soil health
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HortScience ◽  
2022 ◽  
Vol 57 (2) ◽  
pp. 171-180
Elizabeth A. Perkus ◽  
Julie M. Grossman ◽  
Anne Pfeiffer ◽  
Mary A. Rogers ◽  
Carl J. Rosen

High tunnels are an important season extension tool for horticultural production in cold climates, however maintaining soil health in these intensively managed spaces is challenging. Cover crops are an attractive management tool to address issues such as decreased organic matter, degraded soil structure, increased salinity, and high nitrogen needs. We explored the effect of winter cover crops on soil nutrients, soil health and bell pepper (Capsicum annuum) crop yield in high tunnels for 2 years in three locations across Minnesota. Cover crop treatments included red clover (Trifolium pratense) monoculture, Austrian winter pea/winter rye biculture (Pisum sativum/Secale cereale), hairy vetch/winter rye/tillage radish (Vicia villosa/S. cereale/Raphanus sativus) polyculture, and a bare-ground, weeded control. Cover crop treatments were seeded in two planting date treatments: early planted treatments were seeded into a standing bell pepper crop in late Aug/early September and late planted treatments were seeded after bell peppers were removed in mid-September At termination time in early May, all cover crops had successfully overwintered and produced biomass in three Minnesota locations except for Austrian winter pea at the coldest location, zone 3b. Data collected include cover crop and weed biomass, biomass carbon and nitrogen, extractable soil nitrogen, potentially mineralizable nitrogen, microbial biomass carbon, permanganate oxidizable carbon, soil pH, soluble salts (EC), and pepper yield. Despite poor legume performance, increases in extractable soil nitrogen and potentially mineralizable nitrogen in the weeks following cover crop residue incorporation were observed. Biomass nitrogen contributions averaged 100 kg·ha−1 N with an observed high of 365 kg·ha−1 N. Cover crops also reduced extractable soil N in a spring sampling relative to the bare ground control, suggesting provision of nitrogen retention ecosystem services.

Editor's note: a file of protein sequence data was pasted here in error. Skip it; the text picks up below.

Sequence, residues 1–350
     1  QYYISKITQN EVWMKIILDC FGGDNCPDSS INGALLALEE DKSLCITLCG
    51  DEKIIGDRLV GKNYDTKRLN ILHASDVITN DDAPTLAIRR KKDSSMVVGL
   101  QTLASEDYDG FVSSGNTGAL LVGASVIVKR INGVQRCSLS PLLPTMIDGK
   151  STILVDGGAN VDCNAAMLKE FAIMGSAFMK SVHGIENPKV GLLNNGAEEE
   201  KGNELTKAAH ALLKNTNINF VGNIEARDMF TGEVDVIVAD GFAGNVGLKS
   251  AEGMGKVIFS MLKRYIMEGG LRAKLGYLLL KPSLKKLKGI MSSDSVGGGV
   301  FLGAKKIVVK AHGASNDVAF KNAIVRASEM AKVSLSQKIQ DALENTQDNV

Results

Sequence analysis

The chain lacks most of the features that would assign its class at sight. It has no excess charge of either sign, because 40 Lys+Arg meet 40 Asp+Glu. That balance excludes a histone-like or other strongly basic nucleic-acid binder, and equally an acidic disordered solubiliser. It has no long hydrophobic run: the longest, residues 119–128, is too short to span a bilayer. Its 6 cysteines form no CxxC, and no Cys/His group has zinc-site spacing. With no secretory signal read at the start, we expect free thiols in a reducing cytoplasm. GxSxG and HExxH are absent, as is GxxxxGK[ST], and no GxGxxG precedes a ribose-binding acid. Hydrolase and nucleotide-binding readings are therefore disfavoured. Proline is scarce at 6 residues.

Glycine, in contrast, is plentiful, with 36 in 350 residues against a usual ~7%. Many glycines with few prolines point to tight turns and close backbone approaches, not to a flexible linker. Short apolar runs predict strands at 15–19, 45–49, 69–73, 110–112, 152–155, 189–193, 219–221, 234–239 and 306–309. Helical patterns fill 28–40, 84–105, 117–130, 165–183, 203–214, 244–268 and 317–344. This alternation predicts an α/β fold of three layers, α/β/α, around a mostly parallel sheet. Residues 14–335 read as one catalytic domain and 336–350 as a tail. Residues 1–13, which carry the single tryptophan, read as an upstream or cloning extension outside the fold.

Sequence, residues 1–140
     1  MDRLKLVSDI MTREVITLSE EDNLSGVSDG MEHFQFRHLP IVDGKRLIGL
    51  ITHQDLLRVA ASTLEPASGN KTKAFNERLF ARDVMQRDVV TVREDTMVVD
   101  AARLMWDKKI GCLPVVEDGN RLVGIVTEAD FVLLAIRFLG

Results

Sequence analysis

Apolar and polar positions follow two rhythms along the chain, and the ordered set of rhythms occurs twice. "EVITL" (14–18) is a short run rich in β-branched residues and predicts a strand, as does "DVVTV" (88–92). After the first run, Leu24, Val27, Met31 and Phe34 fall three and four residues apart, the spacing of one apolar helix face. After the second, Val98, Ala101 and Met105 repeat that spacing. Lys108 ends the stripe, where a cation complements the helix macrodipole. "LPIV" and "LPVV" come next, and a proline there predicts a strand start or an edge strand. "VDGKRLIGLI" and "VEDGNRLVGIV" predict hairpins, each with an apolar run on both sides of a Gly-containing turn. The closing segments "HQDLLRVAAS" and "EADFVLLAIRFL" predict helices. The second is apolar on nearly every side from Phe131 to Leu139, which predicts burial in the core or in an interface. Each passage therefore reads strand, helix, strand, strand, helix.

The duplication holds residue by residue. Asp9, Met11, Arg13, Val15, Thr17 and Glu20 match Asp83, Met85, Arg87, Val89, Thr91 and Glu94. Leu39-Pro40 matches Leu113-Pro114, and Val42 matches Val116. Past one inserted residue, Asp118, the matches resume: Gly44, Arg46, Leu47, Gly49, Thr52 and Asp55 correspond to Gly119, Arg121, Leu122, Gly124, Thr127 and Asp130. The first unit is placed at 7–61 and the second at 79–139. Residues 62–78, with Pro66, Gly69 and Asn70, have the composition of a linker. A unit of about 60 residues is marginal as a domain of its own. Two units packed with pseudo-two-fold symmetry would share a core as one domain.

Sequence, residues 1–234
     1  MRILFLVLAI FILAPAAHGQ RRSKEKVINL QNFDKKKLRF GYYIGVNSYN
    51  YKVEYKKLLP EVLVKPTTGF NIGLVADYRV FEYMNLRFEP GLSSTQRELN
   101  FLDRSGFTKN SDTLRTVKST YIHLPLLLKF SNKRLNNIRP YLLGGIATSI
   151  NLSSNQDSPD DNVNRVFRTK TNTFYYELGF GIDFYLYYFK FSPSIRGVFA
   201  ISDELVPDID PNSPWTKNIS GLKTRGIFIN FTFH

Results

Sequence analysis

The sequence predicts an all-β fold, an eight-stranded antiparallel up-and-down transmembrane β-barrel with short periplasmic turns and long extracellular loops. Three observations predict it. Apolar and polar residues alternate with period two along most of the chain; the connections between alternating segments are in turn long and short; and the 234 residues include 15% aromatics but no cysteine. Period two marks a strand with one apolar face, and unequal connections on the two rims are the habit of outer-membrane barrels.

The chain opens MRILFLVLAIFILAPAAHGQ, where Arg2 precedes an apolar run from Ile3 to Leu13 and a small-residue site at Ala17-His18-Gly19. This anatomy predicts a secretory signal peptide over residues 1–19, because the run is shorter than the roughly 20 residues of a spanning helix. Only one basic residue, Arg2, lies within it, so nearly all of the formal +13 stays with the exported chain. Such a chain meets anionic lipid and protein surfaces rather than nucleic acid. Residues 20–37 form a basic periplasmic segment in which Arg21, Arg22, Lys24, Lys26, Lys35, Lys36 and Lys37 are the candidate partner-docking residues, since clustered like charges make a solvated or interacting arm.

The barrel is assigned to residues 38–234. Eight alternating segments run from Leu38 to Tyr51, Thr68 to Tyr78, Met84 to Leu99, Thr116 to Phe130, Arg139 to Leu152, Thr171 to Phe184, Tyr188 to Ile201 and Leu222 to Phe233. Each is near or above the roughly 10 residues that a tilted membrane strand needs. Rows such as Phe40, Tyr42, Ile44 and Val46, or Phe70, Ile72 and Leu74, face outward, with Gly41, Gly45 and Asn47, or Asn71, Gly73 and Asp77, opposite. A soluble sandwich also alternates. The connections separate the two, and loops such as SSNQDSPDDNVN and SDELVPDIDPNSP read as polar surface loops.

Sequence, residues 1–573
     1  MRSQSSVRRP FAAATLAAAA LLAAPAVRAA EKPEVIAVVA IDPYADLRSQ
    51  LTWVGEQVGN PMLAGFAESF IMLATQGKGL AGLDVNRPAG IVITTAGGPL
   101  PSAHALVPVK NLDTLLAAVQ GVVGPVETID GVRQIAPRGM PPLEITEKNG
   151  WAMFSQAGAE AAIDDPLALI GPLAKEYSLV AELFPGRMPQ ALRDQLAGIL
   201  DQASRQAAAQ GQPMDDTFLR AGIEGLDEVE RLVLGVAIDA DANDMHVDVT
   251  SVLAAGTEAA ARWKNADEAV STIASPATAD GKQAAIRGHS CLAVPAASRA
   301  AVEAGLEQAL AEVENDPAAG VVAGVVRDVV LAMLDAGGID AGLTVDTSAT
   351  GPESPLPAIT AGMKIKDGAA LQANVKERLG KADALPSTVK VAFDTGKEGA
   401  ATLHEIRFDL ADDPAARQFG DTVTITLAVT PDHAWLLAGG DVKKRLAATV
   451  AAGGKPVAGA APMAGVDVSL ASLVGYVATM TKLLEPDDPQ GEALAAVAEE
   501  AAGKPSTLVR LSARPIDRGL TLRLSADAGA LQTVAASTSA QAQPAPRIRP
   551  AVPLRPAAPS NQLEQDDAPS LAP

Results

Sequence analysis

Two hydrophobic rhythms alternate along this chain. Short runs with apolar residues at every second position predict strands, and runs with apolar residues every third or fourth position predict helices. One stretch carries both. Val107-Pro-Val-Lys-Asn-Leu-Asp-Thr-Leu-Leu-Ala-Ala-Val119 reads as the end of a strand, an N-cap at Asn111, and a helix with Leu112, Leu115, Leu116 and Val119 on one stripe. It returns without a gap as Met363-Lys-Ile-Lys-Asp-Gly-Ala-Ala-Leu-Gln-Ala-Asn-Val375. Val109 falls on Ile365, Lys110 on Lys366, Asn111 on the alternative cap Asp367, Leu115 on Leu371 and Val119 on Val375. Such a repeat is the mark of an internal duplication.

2022 ◽  
Vol 216 ◽  
pp. 105238
Reza Keshavarz Afshar ◽  
Perry Cabot ◽  
Travis Banet ◽  
Liping Li ◽  
James A. Ippolito

2022 ◽  
Vol 170 ◽  
pp. 104302
Daniel C. Schlatter ◽  
Jeremy Hansen ◽  
Bryan Carlson ◽  
Ian N. Leslie ◽  
David R. Huggins ◽  

Nitrogen ◽  
2022 ◽  
Vol 3 (1) ◽  
pp. 43-57
Rhys Rebello ◽  
Paul J. Burgess ◽  
Nicholas T. Girkin

Tea (Camellia sinensis L.) is the most widely consumed beverage in the world. It is mostly grown in the tropics with a heavy dependence on mineral nitrogen (N) fertilisers to maintain high yields while minimising the areas under cultivation. However, N is often applied in excess of crop requirements, resulting in substantial adverse environmental impacts. We conducted a systematic literature review, synthesising the findings from 48 studies to assess the impacts of excessive N application on soil health, and identify sustainable, alternative forms of N management. High N applications lead to soil acidification, N leaching to surface and groundwater, and the emission of greenhouse gases including nitrous oxide (N2O). We identified a range of alternative N management practices, the use of organic fertilisers, a mixture of organic and inorganic fertilisers, controlled release fertilisers, nitrification inhibitors and soil amendments including biochar. While many practices result in reduced N loading or mitigate some adverse impacts, major trade-offs include lower yields, and in some instances increased N2O emissions. Practices are also frequently trialled in isolation, meaning there may be a missed opportunity from assessing synergistic effects. Moreover, adoption rates of alternatives are low due to a lack of knowledge amongst farmers, and/or financial barriers. The use of site-specific management practices which incorporate local factors (for example climate, tea variety, irrigation requirements, site slope, and fertiliser type) are therefore recommended to improve sustainable N management practices in the long term.